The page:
Participating Physicians Kenneth R. This is a review and evaluation of medical and public literature regarding the reported emotional and psychological effects of participation in physician-assisted suicide PAS and euthanasia on the involved physicians. Articles in medical journals, legislative investigations and the public press were obtained and reviewed to determine what has been reported regarding the effects on physicians who have been personally involved in PAS and euthanasia.
Throughout that period of time she was faced with the very real possibility of a year prison sentence 14 for each offense. This case was an illustration of the flagrant injustices and human cruelty that are embraced by the Canadian Criminal Code section b: Every one who a counsels a person to commit suicide, or b aids or abets a person to commit suicide, whether suicide ensues or not, is guilty of an indictable offence and liable to imprisonment for a term not exceeding fourteen years.
This Euthanasia assisted suicide assumes that any sort of help in assisting a suicide is based upon malice. This assumption is almost always false — most instances of wanting to help end lives come from human compassion for the suffering.
And rare cases where malice might be involved — where grandma is being urged to end her life so that family members can more quickly get the inheritance — could easily be caught and avoided by an independent screening process as part of a process of legalized, physician-assisted suicide.
Section b is unjust because it not only leads to prosecution for acts of compassion, it is cruel because it presents a major societal obstacle to showing mercy to the most wretched among us. Most Canadians want this law changed, and it is time something was done about it.
There have been a number of private members bills on this matter brought to the Canadian parliament, but none have gone anywhere. These are mentioned in the Latimer book. The Latimer case, involving non-consensual euthanasia, is a much more difficult one to deal with in legislation.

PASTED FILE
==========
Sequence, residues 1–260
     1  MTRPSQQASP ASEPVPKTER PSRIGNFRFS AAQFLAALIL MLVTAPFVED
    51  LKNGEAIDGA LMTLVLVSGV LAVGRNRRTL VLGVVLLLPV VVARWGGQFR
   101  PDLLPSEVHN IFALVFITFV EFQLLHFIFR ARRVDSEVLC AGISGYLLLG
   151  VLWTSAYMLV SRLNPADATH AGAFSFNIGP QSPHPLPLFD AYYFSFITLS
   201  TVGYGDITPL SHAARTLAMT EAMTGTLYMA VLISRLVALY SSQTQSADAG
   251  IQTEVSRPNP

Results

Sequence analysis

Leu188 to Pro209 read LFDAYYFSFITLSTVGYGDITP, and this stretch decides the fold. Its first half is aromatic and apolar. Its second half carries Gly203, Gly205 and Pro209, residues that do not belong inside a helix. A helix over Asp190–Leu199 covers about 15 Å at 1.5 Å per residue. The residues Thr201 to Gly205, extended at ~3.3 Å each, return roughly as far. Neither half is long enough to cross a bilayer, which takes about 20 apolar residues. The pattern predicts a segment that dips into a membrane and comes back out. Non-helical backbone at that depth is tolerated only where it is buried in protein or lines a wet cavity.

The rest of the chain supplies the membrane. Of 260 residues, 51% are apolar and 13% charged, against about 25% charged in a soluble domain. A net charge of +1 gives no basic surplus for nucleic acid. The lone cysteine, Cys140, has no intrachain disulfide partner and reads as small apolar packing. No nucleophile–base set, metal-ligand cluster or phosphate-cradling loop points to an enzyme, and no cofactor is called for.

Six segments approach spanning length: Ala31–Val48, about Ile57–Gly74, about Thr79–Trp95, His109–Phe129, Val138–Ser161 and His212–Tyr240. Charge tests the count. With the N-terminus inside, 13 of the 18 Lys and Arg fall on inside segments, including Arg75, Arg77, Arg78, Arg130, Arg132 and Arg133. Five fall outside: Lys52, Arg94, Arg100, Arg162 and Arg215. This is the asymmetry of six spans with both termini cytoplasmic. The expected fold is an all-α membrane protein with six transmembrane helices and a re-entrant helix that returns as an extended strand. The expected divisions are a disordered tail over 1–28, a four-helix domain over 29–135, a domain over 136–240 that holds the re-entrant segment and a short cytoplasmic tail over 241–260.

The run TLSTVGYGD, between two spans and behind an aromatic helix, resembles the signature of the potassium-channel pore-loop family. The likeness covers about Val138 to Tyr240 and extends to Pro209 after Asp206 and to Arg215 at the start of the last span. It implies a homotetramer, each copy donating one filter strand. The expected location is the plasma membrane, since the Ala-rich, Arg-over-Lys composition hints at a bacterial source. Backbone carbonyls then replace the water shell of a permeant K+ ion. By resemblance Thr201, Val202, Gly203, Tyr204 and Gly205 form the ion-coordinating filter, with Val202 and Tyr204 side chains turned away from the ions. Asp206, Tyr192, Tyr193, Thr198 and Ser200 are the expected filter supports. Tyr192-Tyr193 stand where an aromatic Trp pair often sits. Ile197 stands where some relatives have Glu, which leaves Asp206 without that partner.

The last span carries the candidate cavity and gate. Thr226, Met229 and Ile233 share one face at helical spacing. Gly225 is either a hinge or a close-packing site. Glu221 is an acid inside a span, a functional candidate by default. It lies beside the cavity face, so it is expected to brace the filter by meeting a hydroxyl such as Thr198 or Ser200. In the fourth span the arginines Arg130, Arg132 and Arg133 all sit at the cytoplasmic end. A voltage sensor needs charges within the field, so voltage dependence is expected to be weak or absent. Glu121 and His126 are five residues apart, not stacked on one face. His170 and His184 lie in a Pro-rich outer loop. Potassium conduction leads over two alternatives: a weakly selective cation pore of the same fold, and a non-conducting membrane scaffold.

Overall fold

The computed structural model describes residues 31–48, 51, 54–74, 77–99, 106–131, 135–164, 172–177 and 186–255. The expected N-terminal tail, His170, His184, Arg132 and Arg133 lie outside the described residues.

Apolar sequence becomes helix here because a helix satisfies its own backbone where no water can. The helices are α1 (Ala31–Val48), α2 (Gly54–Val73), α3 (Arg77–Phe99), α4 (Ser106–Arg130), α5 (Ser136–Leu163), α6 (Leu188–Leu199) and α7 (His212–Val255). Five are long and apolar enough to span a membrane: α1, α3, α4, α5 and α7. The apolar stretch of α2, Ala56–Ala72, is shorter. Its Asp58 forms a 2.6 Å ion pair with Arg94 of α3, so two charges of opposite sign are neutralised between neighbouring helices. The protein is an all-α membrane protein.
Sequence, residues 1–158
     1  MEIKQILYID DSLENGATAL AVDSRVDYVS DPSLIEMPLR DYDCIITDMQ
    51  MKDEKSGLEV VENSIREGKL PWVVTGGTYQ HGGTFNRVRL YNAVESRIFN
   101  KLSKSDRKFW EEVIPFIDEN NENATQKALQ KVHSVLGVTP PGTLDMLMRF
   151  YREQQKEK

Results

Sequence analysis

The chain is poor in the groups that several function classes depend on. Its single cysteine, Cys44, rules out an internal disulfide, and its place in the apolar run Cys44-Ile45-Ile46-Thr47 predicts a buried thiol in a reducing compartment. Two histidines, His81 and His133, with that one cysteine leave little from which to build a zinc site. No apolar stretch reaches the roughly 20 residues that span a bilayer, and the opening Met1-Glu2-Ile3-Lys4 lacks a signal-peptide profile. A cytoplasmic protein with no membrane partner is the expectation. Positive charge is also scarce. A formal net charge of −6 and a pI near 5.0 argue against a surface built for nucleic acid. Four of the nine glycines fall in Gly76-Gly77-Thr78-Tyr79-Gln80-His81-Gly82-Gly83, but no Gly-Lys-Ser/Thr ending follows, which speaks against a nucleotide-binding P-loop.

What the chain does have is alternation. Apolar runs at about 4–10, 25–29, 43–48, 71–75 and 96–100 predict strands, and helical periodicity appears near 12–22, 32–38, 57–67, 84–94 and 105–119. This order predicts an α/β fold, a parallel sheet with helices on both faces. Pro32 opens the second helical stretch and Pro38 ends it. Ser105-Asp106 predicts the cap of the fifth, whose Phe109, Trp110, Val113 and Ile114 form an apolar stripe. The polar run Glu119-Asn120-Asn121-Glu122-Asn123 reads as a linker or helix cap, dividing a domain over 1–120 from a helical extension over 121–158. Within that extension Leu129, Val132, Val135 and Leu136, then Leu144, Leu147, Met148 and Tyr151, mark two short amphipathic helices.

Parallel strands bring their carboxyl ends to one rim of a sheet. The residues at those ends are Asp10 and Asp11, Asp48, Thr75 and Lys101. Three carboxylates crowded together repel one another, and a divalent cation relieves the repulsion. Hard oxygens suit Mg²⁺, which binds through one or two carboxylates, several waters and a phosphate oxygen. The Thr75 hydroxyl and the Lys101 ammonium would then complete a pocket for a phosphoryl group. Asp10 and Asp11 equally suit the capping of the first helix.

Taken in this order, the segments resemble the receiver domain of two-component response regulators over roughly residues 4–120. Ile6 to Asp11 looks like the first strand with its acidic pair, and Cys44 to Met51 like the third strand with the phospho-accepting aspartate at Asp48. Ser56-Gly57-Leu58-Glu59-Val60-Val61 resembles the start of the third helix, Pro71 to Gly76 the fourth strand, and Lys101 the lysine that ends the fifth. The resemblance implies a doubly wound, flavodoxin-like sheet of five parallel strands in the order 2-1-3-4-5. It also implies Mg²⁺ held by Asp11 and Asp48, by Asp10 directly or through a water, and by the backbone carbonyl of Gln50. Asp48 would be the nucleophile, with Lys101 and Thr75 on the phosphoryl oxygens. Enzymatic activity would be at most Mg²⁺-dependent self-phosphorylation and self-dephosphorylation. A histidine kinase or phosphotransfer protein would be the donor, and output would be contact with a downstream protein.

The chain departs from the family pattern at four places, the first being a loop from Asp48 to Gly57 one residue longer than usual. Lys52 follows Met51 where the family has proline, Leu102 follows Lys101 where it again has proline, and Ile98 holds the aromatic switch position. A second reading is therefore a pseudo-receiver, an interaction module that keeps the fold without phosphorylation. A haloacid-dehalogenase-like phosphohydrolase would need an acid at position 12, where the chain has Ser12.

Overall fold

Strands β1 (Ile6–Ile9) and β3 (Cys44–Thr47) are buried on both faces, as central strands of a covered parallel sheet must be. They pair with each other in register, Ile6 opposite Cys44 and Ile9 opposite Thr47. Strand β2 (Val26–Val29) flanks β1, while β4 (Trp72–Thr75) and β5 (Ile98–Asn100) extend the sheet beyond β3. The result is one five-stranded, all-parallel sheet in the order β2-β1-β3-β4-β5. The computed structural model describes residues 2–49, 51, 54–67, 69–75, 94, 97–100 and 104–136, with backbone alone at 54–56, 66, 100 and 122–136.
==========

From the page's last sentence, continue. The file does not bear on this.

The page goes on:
Can ending the life of a person who is unable to give consent ever be justified?
But what about Tracy? What about others who like Tracy were never able to speak, or those who descend into hopeless, morbid, terminal disease and lose the ability to give consent? Are such people to be excluded from the mercy we would show, indeed demand, for any other similarly-afflicted creature?
A review of international law on assisted suicide and euthanasia is given in the Latimer book so will not be repeated here, except to say that Canada falls well behind a number of other jurisdictions in this regard.
The Netherlands and Belgium also allow euthanasia, where by a physician may directly administer a lethal injection.
Switzerland is the only jurisdiction that will provide assisted suicide to non-residents. Of the various possibilities for new legislation the least controversial would be to permit physician-assisted suicide specifically for terminally ill patients, as is the case in the three American states.
The provision of even this minimal service would meet the needs of many dying people who want to take some control over what is about to happen to them. This would prevent not only some highly unpleasant and prolonged dying processes, something many people dread much more than dying, but it also help avoid both grisly deaths —such as shooting oneself — and bungled attempts at suicide.
The latter sometimes leave a person in worse condition than before, perhaps with brain damage. The availability of physician-assisted suicide would provide peace of mind to many dying people, some of whom, as has happened in the three American states, would never actually find it necessary to resort to taking the drugs.a website to discuss ethical and legal questions related to the issues of assisted suicide and euthanasia, in particular as it pertains to Canadian law.
FINAL EXIT The Practicalities of Self-Deliverance and Assisted Suicide for the Dying by Derek Humphry Revised 3rd edition (April printing) $17 + shipping.
Euthanasia or physician-assisted suicide is when action is taken to end the life of a person who is experiencing long-term illness.
Euthanasia is against the law in many countries, and in the U.S. Euthanasia or assisted suicide—and sometimes both—have been legalized in a small number of countries and states.
|Euthanasia and assisted suicide||Euthanasia Factsincluding graphs of data on people who attempted suicide, facts sheets, FAQs, debate points, books, videos etc.|
|However, they are different and, in the law, they are treated differently.|
In all jurisdictions, laws and safeguards were put in place to prevent abuse and misuse of these practices. Prevention measures have included, among others, explicit consent by the.
EUTHANASIA FACTS. THE BASICS. Euthanasia Definitions (PowerPoint File). Quick List: Euthanasia Pros and Cons.
Arguments Against Euthanasia (PowerPoint File). Reasons for Euthanasia (PowerPoint File). Quotations on Euthanasia (PowerPoint File). History of Euthanasia (PowerPoint File) History of Assisted Suicide in England and the US (13th through 20th Century). Assisted suicide is suicide committed with the aid of another person, sometimes a physician.
The term is often used interchangeably with physician-assisted suicide (PAS), which involves a doctor "knowingly and intentionally providing a person with the knowledge or means or both required to commit suicide, including counseling about lethal doses of drugs, prescribing such lethal doses or.